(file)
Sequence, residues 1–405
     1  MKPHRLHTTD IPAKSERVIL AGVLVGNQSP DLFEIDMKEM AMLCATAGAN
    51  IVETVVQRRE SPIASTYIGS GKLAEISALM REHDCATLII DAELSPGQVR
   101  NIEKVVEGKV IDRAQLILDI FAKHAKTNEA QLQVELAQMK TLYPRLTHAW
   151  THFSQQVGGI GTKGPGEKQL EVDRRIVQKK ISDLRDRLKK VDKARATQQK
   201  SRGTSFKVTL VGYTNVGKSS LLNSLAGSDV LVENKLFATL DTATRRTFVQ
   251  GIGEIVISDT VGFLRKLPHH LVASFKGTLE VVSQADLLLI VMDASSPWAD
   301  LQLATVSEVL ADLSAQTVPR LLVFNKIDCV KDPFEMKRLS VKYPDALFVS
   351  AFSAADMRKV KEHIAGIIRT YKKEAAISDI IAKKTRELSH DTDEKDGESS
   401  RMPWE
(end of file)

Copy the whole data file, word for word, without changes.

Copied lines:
Sequence, residues 1–405
     1  MKPHRLHTTD IPAKSERVIL AGVLVGNQSP DLFEIDMKEM AMLCATAGAN
    51  IVETVVQRRE SPIASTYIGS GKLAEISALM REHDCATLII DAELSPGQVR
   101  NIEKVVEGKV IDRAQLILDI FAKHAKTNEA QLQVELAQMK TLYPRLTHAW
   151  THFSQQVGGI GTKGPGEKQL EVDRRIVQKK ISDLRDRLKK VDKARATQQK
   201  SRGTSFKVTL VGYTNVGKSS LLNSLAGSDV LVENKLFATL DTATRRTFVQ
   251  GIGEIVISDT VGFLRKLPHH LVASFKGTLE VVSQADLLLI VMDASSPWAD
   301  LQLATVSEVL ADLSAQTVPR LLVFNKIDCV KDPFEMKRLS VKYPDALFVS
   351  AFSAADMRKV KEHIAGIIRT YKKEAAISDI IAKKTRELSH DTDEKDGESS
   401  RMPWE